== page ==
Sales taxes are complex even if you run a small local store. The best way to look at it is you’re collecting taxes on behalf of the state. The amount received in sales tax isn’t your money and you’ll be required to pass it on.
Invest in a modern online accounting system. They will calculate the sales tax collected and give you a running total of how much you need to report to the state.
Paying Sales Taxes? How Much Did You Make in Sales?
When it’s time to pay, you need to be aware that sales taxes must be paid at least quarterly in every state.
However, different states require businesses with a certain quantity of sales to pay monthly. Be aware of your state’s limits so you know when you have to pay sales taxes to the state authorities.
Be Aware of Local and State Sales Taxes
Tax audits often reveal unpaid taxes because businesses failed to calculate local and state sales taxes together. This is why it’s wrong to look at the baseline state sales tax rate because it can be deceptive.
For example, Louisiana has a low 5% state sales tax rate, but most localities have a high local tax rate, taking the Louisiana sales tax average up to 10%.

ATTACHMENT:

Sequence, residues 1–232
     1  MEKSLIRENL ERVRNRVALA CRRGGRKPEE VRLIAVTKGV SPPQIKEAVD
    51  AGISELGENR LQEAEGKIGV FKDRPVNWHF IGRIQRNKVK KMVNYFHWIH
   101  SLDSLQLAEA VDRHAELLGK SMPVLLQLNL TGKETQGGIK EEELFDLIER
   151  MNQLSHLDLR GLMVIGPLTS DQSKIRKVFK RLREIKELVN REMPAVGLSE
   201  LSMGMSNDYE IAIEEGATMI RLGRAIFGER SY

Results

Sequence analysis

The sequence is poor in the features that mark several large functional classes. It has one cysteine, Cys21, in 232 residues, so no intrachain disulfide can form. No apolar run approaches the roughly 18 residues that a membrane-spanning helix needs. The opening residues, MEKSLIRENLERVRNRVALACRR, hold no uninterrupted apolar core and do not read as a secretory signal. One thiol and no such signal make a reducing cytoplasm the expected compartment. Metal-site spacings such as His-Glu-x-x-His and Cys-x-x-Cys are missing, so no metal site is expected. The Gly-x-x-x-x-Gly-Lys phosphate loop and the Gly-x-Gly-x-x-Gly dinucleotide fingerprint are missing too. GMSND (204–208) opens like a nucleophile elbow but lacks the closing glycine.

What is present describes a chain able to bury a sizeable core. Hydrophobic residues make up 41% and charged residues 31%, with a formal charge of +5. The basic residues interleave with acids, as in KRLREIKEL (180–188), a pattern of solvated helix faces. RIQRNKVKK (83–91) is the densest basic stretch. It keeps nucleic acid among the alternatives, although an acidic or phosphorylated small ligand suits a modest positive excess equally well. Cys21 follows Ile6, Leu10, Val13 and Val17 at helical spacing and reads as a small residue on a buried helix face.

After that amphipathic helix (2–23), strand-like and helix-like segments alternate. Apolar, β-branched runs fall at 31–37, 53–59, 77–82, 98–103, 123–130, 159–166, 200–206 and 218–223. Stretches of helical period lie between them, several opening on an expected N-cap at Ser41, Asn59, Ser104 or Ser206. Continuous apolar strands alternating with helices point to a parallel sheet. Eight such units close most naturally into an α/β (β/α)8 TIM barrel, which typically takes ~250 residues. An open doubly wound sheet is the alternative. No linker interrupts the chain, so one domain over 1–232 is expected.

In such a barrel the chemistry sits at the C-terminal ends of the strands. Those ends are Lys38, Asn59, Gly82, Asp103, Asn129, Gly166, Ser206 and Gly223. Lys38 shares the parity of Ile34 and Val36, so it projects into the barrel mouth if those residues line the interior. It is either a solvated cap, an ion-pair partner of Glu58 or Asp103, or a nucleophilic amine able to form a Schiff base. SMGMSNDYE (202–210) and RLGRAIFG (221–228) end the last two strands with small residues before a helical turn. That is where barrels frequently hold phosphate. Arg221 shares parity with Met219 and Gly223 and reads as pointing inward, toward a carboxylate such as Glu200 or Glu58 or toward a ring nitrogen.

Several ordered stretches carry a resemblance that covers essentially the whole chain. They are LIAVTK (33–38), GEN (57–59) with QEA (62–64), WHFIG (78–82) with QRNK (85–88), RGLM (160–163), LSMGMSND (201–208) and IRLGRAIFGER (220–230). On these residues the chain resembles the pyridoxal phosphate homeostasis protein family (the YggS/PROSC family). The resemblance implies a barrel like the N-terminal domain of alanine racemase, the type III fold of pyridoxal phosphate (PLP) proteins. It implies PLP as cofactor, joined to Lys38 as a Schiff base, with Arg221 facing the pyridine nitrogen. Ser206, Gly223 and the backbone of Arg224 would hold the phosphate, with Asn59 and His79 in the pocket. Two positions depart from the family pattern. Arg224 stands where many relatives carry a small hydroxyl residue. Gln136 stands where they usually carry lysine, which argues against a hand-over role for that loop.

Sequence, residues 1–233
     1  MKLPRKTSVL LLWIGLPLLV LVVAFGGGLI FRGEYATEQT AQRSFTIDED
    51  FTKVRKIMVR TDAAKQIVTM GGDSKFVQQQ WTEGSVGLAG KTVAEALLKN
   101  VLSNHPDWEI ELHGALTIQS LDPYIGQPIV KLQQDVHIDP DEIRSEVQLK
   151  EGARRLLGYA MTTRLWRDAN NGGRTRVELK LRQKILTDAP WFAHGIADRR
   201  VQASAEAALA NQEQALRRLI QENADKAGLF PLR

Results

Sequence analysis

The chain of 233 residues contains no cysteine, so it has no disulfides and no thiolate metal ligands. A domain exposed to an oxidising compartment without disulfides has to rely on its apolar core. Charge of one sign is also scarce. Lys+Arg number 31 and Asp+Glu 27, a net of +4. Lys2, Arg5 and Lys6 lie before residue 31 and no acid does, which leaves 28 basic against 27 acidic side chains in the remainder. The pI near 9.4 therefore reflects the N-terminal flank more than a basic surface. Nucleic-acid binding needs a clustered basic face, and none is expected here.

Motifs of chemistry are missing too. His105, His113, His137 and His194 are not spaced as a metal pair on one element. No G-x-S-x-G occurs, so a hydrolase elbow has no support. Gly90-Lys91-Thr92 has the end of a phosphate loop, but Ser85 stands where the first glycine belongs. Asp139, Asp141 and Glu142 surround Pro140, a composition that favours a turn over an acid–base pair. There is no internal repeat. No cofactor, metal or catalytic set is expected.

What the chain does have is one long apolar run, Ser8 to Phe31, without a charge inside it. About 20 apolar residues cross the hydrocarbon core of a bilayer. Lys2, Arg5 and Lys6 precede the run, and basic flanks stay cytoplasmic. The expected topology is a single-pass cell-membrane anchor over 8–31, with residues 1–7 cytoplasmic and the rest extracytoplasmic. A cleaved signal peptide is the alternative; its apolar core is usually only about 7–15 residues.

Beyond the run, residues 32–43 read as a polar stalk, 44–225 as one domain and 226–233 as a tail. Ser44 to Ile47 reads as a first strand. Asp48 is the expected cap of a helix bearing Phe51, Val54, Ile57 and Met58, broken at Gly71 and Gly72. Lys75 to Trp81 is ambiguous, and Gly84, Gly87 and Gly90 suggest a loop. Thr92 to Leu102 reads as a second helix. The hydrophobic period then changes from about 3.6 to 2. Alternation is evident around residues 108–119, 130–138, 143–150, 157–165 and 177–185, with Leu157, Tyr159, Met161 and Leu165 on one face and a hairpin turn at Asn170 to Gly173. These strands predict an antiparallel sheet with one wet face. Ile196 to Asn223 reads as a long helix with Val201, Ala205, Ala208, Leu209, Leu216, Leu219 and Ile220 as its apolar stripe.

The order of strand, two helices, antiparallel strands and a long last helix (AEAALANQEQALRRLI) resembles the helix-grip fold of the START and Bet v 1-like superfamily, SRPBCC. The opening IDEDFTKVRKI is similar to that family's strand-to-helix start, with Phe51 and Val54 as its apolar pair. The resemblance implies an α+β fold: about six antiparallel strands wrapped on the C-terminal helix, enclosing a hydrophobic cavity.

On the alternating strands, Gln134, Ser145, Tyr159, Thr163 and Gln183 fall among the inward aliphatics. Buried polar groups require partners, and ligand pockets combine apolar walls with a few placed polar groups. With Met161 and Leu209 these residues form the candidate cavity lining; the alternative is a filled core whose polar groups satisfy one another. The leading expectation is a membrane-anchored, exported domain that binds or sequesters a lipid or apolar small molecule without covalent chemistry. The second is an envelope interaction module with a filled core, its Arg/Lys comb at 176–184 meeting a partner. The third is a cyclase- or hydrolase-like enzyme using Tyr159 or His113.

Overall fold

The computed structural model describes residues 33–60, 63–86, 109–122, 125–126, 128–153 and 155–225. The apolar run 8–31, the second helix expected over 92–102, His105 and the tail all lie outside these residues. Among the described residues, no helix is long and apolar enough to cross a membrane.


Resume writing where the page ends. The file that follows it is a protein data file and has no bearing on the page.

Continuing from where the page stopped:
Understand Changing Rules on Exemption Certificates
Filing and tracking the right exemption certificates is extremely complex and many well-intentioned entrepreneurs have fallen victim to failing to keep track of everything.
Entrepreneurs need to have active exemption certificates with specific links to all sales where taxes aren’t due. Businesses have to prove that every sale was exempt, and states change the rules all the time.
This is why an audit trail must be set up and followed to ensure certificates are constantly renewed and rules are kept track of. Many businesses will find value in hiring a sales tax accountant to manage this process.
Know-How Sales Tax Holidays Work
At least 17 states have tax holidays for sales taxes. This allows consumers to buy certain goods, such as schools and hurricane supplies, without the need to pay sales taxes.
For example, Tennessee offers a 7% sales tax cut on certain weekends of the year, whereas in Alabama it’s just 4%.
These tax holidays are unpredictable and difficult to keep track of. The lack of consistency means business owners should maintain a calendar of sales tax holidays. Many customers on these weekends are shopping just because of the sales tax holiday, so don’t disappoint them by forgetting. If you need any additional explanation about tax receipts be sure to check hellobonsai.com.
Sales taxes are complex, and states understand that. Mistakes happen and most states won’t say anything about the occasional mistake here and there. It’s wise to hire an accountant to handle your sales taxes because the penalties for serious mistakes can be severe.
Smaller businesses will find this process less complex because of the number of exemptions states have for smaller sellers.
Follow the basic process and don’t be afraid to invest in a professional to look over your numbers. It’s difficult but you’ll soon get the hang of it.